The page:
The Donor (Colorado Coyotes #1) Read Online Brenda Rothert

Categories Genre: Contemporary, Sports, Virgin Tags Authors: Series: Colorado Coyotes Series by Brenda Rothert
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Total pages in book: 61
Estimated words: 57866 (not accurate)
Estimated Reading Time in minutes: 289(@200wpm)___ 231(@250wpm)___ 193(@300wpm)
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“I want your sperm.”

Those were Shelby Grant’s first words to me. Didn’t even want me to buy her a drink first. See, Shelby isn’t like other women. After researching Denver’s most eligible bachelors in search of her ideal sperm donor, she chose me.

As a pro hockey player, I’m used to women wanting things from me, but my swimmers? That’s a new one. Somehow, though, with her color-coded parenting plan, sales pitch and contract, Shelby sells me on the idea. After my donation, she doesn’t want anything more to do with me.

I can’t seem to stay away, though. As her belly grows and I get to know the tightly wound mom-to-be, I get attached.

Shelby’s jaded about men and I’m not looking to settle down. There are countless reasons why crossing the contractual line between us is a bad idea.

But once Shelby gives birth to our child, all bets are off. Whether I planned for it or not, I have a family now, and I’m not letting go without a fight.

*************FULL BOOK START HERE*************

CHAPTER ONE

Shelby

It started with a kiss. Or more accurately, with a screaming baby.

An hour ago, I was immersed in a state Supreme Court opinion on local ordinance enforcement, a Schubert vinyl record serving as the soundtrack for my home office. Soon, though, the only thing I heard was the racket coming through the wall of the apartment above mine. It wasn’t just your average crying baby—it was a shrieking, incredibly pissed off baby.

I told myself to focus. Get in the zone and tune out the noise. I’d somehow gotten through contractors reroofing the neighboring building last fall, hadn’t I?

The contractors didn’t wail, though. I would have preferred an incessant alarm clock to the baby upstairs, and I couldn’t say the same for the nonstop hammering. My god, the absolute lung capacity of that child.

Glaring at the ceiling, I yelled, “Enough, already!” and started reading a paragraph of the opinion for the fourth time. I’d budgeted exactly enough time to finish this job and start my next one on time, but thanks to my new neighbors, I was going to have to work this weekend.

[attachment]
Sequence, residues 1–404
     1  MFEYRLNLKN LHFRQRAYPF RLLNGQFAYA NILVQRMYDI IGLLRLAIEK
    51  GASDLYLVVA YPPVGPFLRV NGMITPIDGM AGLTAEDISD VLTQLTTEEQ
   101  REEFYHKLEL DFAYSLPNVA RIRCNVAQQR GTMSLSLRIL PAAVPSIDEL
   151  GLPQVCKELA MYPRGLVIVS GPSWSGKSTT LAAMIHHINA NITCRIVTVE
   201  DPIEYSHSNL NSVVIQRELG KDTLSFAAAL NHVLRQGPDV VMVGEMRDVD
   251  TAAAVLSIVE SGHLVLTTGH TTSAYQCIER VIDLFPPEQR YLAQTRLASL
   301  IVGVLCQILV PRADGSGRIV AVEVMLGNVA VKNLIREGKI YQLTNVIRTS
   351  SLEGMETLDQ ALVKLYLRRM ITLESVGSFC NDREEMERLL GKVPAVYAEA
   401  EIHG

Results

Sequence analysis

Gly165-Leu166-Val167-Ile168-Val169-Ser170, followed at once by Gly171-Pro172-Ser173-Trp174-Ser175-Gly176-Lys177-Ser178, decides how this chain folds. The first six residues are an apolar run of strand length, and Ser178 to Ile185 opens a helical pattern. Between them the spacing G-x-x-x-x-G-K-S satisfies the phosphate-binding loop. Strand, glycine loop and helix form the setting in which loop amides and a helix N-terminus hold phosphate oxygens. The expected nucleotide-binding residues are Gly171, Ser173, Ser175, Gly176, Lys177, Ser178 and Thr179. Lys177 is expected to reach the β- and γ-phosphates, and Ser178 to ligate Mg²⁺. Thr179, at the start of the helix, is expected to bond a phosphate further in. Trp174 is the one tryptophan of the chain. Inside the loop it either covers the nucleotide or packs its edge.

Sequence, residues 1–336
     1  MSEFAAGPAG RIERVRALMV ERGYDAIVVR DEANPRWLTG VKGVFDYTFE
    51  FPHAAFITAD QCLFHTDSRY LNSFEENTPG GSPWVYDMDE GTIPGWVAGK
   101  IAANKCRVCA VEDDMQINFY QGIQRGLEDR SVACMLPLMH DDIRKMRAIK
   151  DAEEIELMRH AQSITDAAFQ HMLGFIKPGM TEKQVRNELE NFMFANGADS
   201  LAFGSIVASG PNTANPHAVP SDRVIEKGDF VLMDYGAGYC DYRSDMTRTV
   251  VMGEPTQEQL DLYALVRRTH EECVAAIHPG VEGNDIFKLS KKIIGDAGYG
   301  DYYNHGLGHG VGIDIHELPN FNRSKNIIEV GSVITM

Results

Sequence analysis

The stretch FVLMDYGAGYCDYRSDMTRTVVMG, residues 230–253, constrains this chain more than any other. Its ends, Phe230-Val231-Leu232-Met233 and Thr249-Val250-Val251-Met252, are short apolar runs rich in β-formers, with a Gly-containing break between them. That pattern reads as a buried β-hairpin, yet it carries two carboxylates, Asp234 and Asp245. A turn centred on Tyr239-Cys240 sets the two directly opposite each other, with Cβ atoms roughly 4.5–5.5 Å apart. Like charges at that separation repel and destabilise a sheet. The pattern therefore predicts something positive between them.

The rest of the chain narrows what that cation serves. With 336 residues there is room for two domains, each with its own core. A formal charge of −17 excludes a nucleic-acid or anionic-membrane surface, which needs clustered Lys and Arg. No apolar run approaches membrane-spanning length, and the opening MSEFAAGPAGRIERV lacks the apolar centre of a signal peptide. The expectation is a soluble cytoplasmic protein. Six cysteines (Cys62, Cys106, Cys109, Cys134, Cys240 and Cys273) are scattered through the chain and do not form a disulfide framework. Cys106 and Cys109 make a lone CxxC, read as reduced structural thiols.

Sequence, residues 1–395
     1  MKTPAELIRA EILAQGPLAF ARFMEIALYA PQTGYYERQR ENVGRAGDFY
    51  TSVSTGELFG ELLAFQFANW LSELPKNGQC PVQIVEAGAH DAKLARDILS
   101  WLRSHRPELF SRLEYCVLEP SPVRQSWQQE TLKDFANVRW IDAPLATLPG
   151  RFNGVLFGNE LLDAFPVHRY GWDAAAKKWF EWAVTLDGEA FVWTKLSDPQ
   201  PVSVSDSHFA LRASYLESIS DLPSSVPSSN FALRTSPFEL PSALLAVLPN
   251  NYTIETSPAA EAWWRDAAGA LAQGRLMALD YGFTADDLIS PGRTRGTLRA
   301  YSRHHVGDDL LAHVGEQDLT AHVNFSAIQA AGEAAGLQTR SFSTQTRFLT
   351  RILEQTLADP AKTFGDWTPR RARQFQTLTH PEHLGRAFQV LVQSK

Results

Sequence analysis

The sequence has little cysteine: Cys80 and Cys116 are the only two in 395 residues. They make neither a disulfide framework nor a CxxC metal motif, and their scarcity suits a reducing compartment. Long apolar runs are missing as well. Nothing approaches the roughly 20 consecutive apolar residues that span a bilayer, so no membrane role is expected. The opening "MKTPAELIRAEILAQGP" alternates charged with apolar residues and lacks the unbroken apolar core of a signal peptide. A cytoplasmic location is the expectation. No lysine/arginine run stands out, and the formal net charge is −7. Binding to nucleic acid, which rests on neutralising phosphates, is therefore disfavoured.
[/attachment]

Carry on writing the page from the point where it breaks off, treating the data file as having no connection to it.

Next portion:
The baby’s cries were turning from angry to mournful, and I frowned at my computer screen. What if my new neighbors were trash humans who had abandoned the baby? Clearly someone wasn’t taking care of it.

I stood up, scolding myself for waiting an entire hour to go up there. The kid couldn’t feed itself, after all. This had to be a problem with the blond twentysomething with a pixie cut I’d seen carrying boxes up the stairs a week ago, or her partner. Whoever it was, they were about to get an earful from me.

Grabbing the keys to my apartment, I walked out the front door, locking it behind me, and stormed up the stairs, stomping my feet on each one to show Blondie how annoying loud neighbors could be.

If she was even there. I pounded on the door of apartment five, vowing to kick it open and go help the baby if no one answered within a minute.

“You’ve got thirty seconds,” I yelled at the closed door. “Then I break it down!”

The door flew open, and Blondie gave me a wild-eyed look, cradling the crying baby in her arms while bouncing up and down gently.

“Break it down?” She looked me up and down. “With what, your hands?”

This bitch. I shook my head.

“More importantly,” I said sharply, “I work from home. And I can’t focus with your kid screaming at the top of its lungs.”

I crossed my arms and held her gaze, waiting for her to go on the defensive. Instead, she surprised me, her shoulders sinking.

“She’s not my kid, and I don’t know shit about babies. My friend had to rush to the hospital because her dad had a heart attack, and she couldn’t find a sitter, so…I’m sorry.”

An hour of built-up rage drained out of me in an instant.

“Try feeding her,” I suggested. “Or changing her.”

“I’ve tried every single thing on Josie’s list, and nothing is helping. I fed her, changed her, walked around with her, talked to her…”

“Well, can’t you just…rock her or something?” I asked.

“I’ve rocked her while sitting, while standing, and while walking. I even turned on some Soundgarden and tried rocking while rocking. Nothing.”

I rolled my eyes. “You tried to soothe a baby with Soundgarden?”

“I’m desperate. Got any better ideas?”

I frowned at her, because yes, I did. “Brahms?”

“Are they on Spotify?”

I was twenty-eight, and ashamed of my generation. Shoving my keys into the pocket of my cardigan, I sighed softly.

“Look, I have some music that might help. Why don’t you bring—” I gestured at the infant and Blondie interjected.

“Iris. This is Iris, and I’m Marlowe.”

Iris unleashed her fury again, the noise deafening.

“I’m Shelby,” I said loudly. “Let’s go. Like right now.”


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